In today’s highly partisan political climate, the idea of voting for an independent candidate can seem risky, even foolhardy. Many people assume that such candidates have no real chance of winning and that a vote for them is a wasted vote. Others worry that independents lack the support, resources, and experience needed to govern effectively. However, there are compelling reasons to take a chance on independent candidates who are not beholden to parties, corporations, unions, or political action committees.
The belief that one person can make a difference is at the heart of the independent movement. Independent candidates tend to be driven by a deep commitment to public service and a desire to represent the people rather than special interests. They are not bound by the constraints of party platforms or the agendas of political machines. Instead, they are free to think creatively and independently, to take principled stands on issues, and to work across party lines to find solutions to complex problems.
Perhaps most importantly, independent candidates have the potential to break the stranglehold of party politics and restore faith in the democratic process. For too long, the two-party system has fostered divisiveness and polarization, with each side demonizing the other and pursuing its own narrow agenda at the expense of the common good. This has left many people feeling disenchanted with politics and disillusioned with the choices they are presented with on election day. By contrast, independent candidates offer a fresh perspective, a willingness to listen to all sides, and a commitment to finding common ground.
Of course, running as an independent candidate is not easy, particularly at the provincial and federal levels. Without the backing of a party, it can be difficult to raise funds needed to run a competitive campaign or to get the media coverage necessary to reach voters. It can also be challenging to build a broad base of support, as independents lack the built-in networks of volunteers and activists that parties can provide. Nonetheless, many independent candidates have overcome these obstacles and achieved remarkable success.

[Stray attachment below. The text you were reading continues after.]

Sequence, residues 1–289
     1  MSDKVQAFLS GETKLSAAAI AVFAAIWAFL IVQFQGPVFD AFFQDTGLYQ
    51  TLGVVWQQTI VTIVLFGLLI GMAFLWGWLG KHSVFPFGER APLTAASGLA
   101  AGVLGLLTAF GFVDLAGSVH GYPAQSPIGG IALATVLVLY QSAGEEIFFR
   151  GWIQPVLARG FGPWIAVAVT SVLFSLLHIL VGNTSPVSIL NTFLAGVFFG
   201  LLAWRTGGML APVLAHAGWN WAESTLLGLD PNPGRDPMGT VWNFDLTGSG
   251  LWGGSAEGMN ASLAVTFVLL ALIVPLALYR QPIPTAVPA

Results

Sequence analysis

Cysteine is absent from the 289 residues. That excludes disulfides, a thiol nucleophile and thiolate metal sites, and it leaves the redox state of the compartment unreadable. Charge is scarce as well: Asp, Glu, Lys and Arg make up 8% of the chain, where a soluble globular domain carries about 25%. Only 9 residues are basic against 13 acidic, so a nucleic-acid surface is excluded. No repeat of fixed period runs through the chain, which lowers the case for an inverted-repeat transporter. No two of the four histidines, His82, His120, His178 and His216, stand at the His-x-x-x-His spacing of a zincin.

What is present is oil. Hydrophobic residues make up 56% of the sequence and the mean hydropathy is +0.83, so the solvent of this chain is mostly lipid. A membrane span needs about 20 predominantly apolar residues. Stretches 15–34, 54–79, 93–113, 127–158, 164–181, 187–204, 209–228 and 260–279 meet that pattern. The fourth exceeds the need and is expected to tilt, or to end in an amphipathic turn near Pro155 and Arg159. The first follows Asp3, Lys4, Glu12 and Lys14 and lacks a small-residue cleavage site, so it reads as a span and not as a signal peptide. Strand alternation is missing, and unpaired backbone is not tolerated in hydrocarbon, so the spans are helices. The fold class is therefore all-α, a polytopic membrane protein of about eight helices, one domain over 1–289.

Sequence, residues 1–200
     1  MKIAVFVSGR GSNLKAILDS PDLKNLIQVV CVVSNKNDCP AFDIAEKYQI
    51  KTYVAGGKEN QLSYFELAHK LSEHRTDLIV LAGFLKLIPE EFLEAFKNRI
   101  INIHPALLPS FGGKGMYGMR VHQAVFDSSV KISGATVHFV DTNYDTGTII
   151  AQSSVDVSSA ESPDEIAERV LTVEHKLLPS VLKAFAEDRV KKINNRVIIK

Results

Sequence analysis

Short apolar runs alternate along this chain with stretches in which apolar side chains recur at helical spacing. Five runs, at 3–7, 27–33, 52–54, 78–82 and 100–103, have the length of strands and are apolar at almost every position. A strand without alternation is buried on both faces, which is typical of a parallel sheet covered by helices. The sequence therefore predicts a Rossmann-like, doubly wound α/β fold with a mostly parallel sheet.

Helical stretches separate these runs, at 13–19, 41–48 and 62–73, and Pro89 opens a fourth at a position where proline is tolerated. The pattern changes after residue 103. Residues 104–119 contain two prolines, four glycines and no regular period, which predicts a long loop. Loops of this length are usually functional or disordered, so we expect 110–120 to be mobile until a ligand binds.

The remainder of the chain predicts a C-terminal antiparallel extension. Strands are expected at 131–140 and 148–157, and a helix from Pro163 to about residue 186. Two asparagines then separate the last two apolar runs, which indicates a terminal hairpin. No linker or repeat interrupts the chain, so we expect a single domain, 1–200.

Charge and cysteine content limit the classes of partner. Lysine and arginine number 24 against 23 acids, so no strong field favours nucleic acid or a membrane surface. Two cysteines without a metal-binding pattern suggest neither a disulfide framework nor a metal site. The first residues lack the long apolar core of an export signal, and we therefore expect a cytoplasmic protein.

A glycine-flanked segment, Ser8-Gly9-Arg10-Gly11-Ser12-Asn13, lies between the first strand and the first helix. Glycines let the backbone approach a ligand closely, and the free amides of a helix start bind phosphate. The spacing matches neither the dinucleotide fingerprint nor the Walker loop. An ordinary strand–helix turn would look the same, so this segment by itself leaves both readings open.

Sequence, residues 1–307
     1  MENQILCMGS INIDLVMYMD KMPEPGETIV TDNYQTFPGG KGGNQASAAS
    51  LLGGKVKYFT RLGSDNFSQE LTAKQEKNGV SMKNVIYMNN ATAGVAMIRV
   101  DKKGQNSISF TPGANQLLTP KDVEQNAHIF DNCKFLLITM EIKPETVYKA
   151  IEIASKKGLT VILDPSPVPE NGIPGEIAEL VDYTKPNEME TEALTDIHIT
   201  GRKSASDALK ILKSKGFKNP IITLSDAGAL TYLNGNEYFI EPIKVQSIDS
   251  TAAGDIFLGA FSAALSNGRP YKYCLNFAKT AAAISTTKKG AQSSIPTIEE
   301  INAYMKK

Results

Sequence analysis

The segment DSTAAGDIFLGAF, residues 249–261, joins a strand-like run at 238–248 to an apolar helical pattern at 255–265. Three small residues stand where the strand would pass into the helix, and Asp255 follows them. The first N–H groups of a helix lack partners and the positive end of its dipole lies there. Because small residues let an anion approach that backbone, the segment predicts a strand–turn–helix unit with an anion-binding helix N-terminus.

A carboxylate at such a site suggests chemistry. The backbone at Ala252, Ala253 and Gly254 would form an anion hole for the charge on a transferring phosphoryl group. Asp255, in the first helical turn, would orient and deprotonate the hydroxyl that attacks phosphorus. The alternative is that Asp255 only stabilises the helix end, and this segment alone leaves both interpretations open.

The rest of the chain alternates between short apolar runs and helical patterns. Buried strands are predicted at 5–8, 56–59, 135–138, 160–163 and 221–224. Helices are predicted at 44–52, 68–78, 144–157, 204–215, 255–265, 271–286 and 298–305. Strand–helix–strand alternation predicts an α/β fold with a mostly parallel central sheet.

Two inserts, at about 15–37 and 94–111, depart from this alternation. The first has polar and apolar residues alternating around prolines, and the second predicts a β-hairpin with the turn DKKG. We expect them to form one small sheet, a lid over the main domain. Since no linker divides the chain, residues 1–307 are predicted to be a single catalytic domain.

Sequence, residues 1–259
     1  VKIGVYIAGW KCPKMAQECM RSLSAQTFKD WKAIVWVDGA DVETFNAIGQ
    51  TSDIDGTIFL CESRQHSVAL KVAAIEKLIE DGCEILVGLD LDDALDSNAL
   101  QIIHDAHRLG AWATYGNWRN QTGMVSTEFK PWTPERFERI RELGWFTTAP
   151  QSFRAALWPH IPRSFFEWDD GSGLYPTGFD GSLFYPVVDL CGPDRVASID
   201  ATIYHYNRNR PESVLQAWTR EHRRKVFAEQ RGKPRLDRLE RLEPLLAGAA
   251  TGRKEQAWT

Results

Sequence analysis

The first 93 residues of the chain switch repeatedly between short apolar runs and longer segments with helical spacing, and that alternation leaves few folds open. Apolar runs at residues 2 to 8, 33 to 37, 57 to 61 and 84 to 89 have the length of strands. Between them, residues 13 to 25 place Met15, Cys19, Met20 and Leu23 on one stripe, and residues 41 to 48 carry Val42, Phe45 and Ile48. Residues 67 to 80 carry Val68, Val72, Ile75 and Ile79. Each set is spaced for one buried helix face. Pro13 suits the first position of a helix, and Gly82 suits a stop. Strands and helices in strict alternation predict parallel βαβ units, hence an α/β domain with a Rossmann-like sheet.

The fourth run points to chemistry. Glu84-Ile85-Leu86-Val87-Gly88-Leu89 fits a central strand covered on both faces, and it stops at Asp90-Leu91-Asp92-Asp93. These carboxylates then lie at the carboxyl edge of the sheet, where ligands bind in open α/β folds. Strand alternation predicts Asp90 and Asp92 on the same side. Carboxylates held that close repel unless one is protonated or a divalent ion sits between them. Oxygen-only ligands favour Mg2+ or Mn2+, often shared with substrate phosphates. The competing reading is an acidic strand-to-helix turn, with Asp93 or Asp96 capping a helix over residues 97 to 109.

One example is Bernie Sanders, the independent senator from Vermont who ran for president in 2016 and 2020. Despite being a self-described democratic socialist and running against well-funded establishment candidates in both elections, Sanders won millions of votes and became a major force in American politics. He did so by appealing to voters’ sense of frustration with the status quo and their desire for a more equitable and compassionate society.
Another example is Jody Wilson-Raybould, the former Liberal cabinet minister who ran as an independent in the 2019 Canadian federal election. Despite facing opposition from her former party and limited resources, Philpott won a substantial share of the vote in her riding and demonstrated that independents could be competitive at the federal level.
Independent candidates have a somewhat easier time at the municipal level, as party affiliations are generally less important in local politics. Nonetheless, running as an independent is still a significant challenge, as municipal elections can be highly competitive and require a significant investment of time, money, and energy.
One notable example of a successful independent candidate at the municipal level is Naheed Nenshi, the current mayor of Calgary, Alberta. Nenshi first ran for mayor in 2010 as an outsider with no political experience and no party affiliation. Despite facing a field of well-established candidates, Nenshi won a stunning upset victory and went on to become one of the most popular mayors in Calgary’s history. He did so by running a grassroots campaign focused on engaging voters and building a broad coalition of supporters.
Not all independent candidates are successful, and some may lack the experience, knowledge, or temperament needed to govern effectively. However, the same can be said of candidates from established parties, and the track record of independent candidates suggests that they are no more likely to fail than their party-affiliated